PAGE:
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Reference: Language


One of the distinguishing gifts of God to man, essential to all high enjoyment and improvement in social life, and to be prized and used in a manner worthy of its priceless value for the glory of God and the benefit of mankind. The original language was not the growth of a mere faculty of speech in man, but a creation of gift of God. Adam and Eve when created knew how to converse with each other and with the Creator. For some two thousand years, "the whole earth was of one language and of one speech," Ge 11:1. But about one hundred years after the flood, according to the common chronology, and later according to others, God miraculously "confounded the language" of the Cushite rebels at Babel; and peopling the earth by these scattered families of diverse tongues, He frustrated the designs and promoted his own. There are now several hundreds of languages and dialects spoken on the earth, and infidels have hence taken occasion to discredit the Bible doctrine of the unity of the human race. It is found, however, that these languages are distributed in several great classes, which have striking affinities with each other; and as comparative philology extends its researches, it finds increasing evidence of the substantial oneness of the human race and of the truth of Scripture.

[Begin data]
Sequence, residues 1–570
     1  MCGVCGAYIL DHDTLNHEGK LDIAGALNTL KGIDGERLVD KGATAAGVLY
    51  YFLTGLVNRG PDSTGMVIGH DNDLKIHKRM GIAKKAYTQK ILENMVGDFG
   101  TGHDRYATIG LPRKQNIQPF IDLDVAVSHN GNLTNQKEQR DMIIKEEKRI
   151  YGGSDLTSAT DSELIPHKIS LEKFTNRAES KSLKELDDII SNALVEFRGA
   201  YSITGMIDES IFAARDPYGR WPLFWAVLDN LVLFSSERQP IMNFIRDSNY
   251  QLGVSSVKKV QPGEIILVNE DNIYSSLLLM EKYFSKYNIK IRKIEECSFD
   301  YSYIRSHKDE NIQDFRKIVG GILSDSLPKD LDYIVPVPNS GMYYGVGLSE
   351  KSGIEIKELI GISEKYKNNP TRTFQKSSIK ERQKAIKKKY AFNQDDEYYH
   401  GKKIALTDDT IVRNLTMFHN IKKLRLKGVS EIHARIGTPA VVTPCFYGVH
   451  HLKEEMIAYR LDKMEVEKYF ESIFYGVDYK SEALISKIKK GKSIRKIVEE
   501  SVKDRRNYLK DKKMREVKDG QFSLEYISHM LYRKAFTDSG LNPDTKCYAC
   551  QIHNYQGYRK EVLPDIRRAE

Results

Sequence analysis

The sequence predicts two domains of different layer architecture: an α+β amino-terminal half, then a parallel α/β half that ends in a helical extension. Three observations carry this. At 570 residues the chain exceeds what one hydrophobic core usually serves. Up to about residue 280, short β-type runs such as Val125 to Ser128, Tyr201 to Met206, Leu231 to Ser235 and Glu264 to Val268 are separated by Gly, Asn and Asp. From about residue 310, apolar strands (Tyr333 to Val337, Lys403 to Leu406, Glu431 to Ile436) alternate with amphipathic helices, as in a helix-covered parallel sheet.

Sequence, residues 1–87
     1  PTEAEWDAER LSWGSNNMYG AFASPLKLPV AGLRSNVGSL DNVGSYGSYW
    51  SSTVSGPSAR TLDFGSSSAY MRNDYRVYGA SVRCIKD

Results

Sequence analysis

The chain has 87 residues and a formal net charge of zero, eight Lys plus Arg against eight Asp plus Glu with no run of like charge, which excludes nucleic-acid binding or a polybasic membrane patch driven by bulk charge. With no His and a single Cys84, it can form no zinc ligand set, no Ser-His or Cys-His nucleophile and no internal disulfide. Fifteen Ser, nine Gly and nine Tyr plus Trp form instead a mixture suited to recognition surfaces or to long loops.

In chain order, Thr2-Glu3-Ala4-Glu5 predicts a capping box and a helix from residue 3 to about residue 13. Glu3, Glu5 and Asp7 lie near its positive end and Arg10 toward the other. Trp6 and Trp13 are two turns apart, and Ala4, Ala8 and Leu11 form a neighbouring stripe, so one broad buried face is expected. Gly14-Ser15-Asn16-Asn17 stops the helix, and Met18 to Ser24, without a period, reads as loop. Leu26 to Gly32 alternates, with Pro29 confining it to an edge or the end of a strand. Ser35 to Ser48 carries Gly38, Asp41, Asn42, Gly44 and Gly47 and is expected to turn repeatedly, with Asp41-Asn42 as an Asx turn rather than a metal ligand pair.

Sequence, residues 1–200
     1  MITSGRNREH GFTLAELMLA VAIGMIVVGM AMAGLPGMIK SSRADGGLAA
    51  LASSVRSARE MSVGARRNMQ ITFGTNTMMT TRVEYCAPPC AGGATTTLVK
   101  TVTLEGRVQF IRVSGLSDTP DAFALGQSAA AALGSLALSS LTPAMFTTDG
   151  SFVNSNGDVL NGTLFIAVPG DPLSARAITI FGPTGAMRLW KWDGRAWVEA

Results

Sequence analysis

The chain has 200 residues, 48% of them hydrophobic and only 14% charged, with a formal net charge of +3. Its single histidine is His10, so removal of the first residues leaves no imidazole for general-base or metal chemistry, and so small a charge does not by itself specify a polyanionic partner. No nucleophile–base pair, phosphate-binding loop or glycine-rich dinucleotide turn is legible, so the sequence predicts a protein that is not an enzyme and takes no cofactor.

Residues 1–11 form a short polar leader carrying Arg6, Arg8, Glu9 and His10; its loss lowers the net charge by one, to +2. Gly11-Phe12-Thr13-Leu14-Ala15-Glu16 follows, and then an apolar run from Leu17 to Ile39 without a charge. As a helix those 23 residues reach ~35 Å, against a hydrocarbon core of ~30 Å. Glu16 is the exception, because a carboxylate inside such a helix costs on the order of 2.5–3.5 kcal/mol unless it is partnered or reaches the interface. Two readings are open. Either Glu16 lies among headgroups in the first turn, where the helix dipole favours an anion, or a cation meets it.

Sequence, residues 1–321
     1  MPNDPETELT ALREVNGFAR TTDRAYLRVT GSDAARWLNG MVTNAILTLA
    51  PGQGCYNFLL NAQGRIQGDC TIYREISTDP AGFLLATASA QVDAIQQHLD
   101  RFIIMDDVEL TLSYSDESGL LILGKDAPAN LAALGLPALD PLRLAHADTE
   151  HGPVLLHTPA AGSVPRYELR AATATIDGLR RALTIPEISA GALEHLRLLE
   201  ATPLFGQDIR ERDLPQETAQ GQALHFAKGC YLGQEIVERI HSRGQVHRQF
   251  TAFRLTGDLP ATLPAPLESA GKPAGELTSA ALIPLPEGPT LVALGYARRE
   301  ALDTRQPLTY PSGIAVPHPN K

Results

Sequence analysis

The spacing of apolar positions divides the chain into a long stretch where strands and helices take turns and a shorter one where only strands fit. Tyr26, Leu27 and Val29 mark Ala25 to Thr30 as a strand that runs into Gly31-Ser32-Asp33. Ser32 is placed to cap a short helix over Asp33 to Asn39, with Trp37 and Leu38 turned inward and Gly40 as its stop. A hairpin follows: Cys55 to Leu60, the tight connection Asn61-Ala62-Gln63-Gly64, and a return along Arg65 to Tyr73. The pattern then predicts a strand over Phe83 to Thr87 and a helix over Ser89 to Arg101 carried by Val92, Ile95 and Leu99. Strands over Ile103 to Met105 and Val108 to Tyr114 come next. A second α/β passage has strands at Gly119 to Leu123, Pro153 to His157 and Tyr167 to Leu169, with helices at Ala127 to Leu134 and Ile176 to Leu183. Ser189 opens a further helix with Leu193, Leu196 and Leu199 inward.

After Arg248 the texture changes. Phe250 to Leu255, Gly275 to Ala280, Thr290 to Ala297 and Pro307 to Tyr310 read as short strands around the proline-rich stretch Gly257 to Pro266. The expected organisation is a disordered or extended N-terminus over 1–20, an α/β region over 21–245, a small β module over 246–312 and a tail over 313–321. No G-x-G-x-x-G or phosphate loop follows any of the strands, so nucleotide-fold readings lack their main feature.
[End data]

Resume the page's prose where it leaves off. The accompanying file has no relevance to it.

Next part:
The miracle performed at Jerusalem on the day of Pentecost was the reverse of that at Babel, Ac 2:1-18, and beautifully illustrated the tendency of the gospel to introduce peace and harmony where sin has brought discord, and to reunite all the tribes of mankind in one great brotherhood.

To the student of the Bible, one of the most important subjects is the character and history of the original languages in which that holy book was written. In respect to the original Greek of the New Testament, some remarks have been made under the article GREECE. The Hebrew language, in which the Old Testament was written, is but one of the cluster of cognate languages, as belonging particularly to the descendants of Shem. A proper knowledge of the Hebrew, therefore, implies also an acquaintance with these of the kindred dialects.